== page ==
genre

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genre

noun breed, category, character, class, denomination, description, designation, division, form, generic class, genus, group, nature, species, specific category, specific class, specific type, type, variety
See also: class, denomination, kind, style
References in periodicals archive ?
In the utopia sub-genre, such idyllic works about a peaceful and beautiful world without problems often contain an omniscient, didactic, or authoritative narrator, and suggest that these works are adult longings for the lost paradise of childhood.
This will also show that the Western parody is actually a sub-genre of the Western with its own set of rules and codes.
Moving on to the LOB corpus (Table 4), we see that it is mostly composed of a mixture of genre and sub-genre labels:
A combination of science fiction and fantasy, steampunk is a sub-genre based around gothic machinery and the industrialized civilization of the 19th century.
There is a new and growing sub-genre appearing in American literature called "Spiritual Fiction", offering applied spirituality through a fictional format.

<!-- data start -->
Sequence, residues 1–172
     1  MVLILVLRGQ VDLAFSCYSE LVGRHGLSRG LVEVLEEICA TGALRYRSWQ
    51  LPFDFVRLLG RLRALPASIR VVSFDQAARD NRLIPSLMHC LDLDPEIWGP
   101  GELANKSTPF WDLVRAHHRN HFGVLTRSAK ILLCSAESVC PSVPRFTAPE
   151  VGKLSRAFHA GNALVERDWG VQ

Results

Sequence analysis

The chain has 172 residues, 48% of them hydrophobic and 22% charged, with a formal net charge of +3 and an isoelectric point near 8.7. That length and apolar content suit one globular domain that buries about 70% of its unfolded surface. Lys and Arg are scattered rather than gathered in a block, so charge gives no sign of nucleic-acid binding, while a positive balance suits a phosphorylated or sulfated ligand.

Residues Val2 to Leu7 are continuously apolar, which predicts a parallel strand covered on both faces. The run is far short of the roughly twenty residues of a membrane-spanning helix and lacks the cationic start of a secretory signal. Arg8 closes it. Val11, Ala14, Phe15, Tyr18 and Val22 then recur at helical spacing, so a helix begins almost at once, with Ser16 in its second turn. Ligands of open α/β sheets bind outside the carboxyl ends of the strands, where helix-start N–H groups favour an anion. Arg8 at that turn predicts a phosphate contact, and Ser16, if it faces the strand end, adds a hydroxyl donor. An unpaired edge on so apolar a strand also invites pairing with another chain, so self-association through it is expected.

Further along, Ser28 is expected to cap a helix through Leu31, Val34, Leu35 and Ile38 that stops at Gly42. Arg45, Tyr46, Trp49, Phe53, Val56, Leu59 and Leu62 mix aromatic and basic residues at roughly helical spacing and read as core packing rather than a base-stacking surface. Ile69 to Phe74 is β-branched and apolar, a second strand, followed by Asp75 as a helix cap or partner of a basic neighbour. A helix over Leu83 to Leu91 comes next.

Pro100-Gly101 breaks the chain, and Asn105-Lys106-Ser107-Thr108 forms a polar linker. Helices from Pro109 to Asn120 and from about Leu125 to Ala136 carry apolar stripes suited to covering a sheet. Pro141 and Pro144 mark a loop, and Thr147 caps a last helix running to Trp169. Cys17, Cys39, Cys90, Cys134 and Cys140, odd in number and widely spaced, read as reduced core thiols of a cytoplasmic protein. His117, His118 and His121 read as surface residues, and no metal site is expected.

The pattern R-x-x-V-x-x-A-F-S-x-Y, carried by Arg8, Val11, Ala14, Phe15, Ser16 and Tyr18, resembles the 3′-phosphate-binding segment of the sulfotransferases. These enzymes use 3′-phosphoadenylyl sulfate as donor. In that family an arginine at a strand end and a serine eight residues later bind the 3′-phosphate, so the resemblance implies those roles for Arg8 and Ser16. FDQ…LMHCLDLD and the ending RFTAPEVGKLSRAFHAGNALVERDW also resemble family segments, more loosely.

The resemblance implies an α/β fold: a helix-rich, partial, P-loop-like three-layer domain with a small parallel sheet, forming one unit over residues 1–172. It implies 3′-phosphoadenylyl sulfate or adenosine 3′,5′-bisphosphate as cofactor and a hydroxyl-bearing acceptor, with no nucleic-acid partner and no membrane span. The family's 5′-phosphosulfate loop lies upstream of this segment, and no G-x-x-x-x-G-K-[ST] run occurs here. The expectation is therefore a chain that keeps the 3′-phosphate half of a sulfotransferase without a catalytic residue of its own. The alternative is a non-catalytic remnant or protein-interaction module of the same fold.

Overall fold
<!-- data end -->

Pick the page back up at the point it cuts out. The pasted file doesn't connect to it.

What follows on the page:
Most interesting character is Rosa, a real person, whose attitudes, life and death provide a pre-Nazi look at the roots of anti-Semitism; this gives the fine police story a stronger historical perspective than most sub-genre novels contains.
IN THE theatrical sub-genre known as the backstage panic play (which I'll henceforward call the BPP because, heck, I've just invented the term), a bunch of stagy types spend copious amounts of time getting very worked up because there's a show that must go on.
The explosion of sexually and violently explicit lyrics, and the sub-genre such lyrics create (i.
Image publishes comics and graphic novels in nearly every genre, sub-genre, and style imaginable by the finest artists and writers working in the medium today.
The film is competently made, but after Mesrine, the recent Carlos The Jackal film and the Mafiathemed Gomorrah, this is one sub-genre that's fast reaching saturation point.
This is no slightly diverging novel as sub-genre readers will simply treasure this unforgettable romance.
We can imagine this becoming a brave new sub-genre of reality TV, beginning with ``Ozzie After 'The Osbournes,' '' in which Ozzie ditches his ridiculous slurred speech and starts phoning up his battery of stock analysts, ghost-writes Ann Landers' column and checks in with the Pentagon for the day's movements of Al-Qaeda in Afghanistan and Pakistan.